CARIM researchers successful in ZonMw Open Competition

Three research teams coordinated by CARIM researchers are starting their projects funded with money from the Open Competition of grant provider ZonMw. Each research team will receive €750,000 on average.

AVF failure in renal failure - Prof. Andrew Baker
Worldwide, an estimated 3 million patients with end-stage renal disease are treated with hemodialysis for survival. Hemodialysis requires access to the blood vessels to transport the patient's blood to the dialysis machine. An arteriovenous fistula (AVF), in which an artery is directly connected to a vein, is therefore created surgically, usually in the arm. However, this intervention often fails, posing a huge clinical problem for this patient population. This problem will only increase in the coming years due to an increase in patients with diabetes and end-stage renal disease. Therapies to prevent AVF failure are lacking because it is unclear why the AVF fails. Therefore, Prof. Andrew Baker's team wants to better understand this process and develop therapies for AVF surgery to prevent AVF failure. This will improve the outcomes of AVF surgery.

New therapeutic targets for DCM? - Prof. Erik Biessen & Prof. Stephane Heymans
In the Netherlands, 80,000 people suffer from dilated cardiomyopathy (DCM), a disease that causes life-threatening arrhythmias and heart failure, often at a young age, with major emotional and economic consequences. Less than half of patients respond to current standard treatment. DCM is a heterogeneous disease, in which the hereditary form is characterized by metabolic changes. It is unclear whether these metabolic changes directly lead to fibrosis and inflammation, or indirectly, via certain cell types in the heart, the macrophage, known to control fibrosis, inflammation and heart function. Based on their expertise in macrophage biology, clinical DCM pathophysiology and knowledge of advanced single-cell technology, Prof. Erik Biessen and Prof. Stephane Heymans aim to define new therapeutic targets for treatment of genetic DCM.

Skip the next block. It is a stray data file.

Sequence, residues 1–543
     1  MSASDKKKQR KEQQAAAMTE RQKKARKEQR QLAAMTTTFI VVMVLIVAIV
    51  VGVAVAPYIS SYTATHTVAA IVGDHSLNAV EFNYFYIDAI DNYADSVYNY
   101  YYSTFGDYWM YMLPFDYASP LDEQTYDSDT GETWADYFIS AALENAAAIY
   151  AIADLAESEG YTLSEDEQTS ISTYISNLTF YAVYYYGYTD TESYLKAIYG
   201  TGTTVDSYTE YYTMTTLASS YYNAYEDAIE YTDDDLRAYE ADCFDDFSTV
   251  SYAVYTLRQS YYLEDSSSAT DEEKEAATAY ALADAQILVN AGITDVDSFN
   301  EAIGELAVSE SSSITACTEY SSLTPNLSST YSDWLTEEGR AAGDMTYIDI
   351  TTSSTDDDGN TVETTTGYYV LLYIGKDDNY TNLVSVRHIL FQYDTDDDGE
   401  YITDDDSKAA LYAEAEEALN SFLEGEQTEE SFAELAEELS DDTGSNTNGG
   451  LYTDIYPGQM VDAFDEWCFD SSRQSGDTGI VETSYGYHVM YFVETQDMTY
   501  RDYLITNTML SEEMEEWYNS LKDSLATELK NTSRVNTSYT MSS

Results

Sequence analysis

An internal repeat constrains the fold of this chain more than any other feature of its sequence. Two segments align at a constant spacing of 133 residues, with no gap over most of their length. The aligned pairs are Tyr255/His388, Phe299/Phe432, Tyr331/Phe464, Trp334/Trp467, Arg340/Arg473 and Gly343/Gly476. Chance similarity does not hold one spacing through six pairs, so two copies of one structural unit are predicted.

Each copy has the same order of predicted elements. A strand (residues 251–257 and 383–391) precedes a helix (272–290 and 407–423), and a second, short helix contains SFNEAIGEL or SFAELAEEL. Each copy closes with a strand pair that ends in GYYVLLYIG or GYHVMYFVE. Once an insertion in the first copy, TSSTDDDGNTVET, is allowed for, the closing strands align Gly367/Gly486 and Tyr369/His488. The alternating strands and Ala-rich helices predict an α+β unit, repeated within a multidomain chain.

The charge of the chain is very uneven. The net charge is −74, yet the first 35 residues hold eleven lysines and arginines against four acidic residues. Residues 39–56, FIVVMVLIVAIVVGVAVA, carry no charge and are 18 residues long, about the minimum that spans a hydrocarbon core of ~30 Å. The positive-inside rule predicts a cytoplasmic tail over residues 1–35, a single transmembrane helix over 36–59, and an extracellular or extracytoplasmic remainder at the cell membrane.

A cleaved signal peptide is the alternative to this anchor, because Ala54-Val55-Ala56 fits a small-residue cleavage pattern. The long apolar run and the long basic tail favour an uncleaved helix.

Recovery process of the heart after infarction? - Dr Matthijs Blankesteijn
After a heart attack, part of the heart muscle cells are replaced by scar tissue. This scar tissue does not contribute to pump function, which can cause heart failure, a condition with a 5-year survival of only 50 percent. The core idea of the research team, led by Dr Matthijs Blankesteijn, is that the repair process of the heart after an infarction must be adjusted by reducing scarring and giving the heart's natural ability to repair the damage. Recent research in zebrafish shows that their heart has this natural ability to regenerate, preventing scarring. With a team of experts in the field of repair processes and biomaterials, Matthijs wants to develop a material that on the one hand supports the infarct area and thus prevents rupture, and on the other hand releases medicines to stimulate the natural repair process.

ZonMw Open Competition
The ZonMw Open Competition programme is specifically intended for researchers from two or more disciplines who promote excellent team science in a synergistic manner. The applications were therefore tested and ranked on these points on the basis of the criteria of relevance and quality. Because knowledge utilization and participation are also important criteria, all successful applications have a convincing plan for knowledge utilization, with well-considered plans for implementation and broad stakeholder participation. As of 2022, an extra 60 million euros will be structurally available for the Open Competitions of the four domains of NWO, including Medical Research and Healthcare Innovation (Source: ZonMw)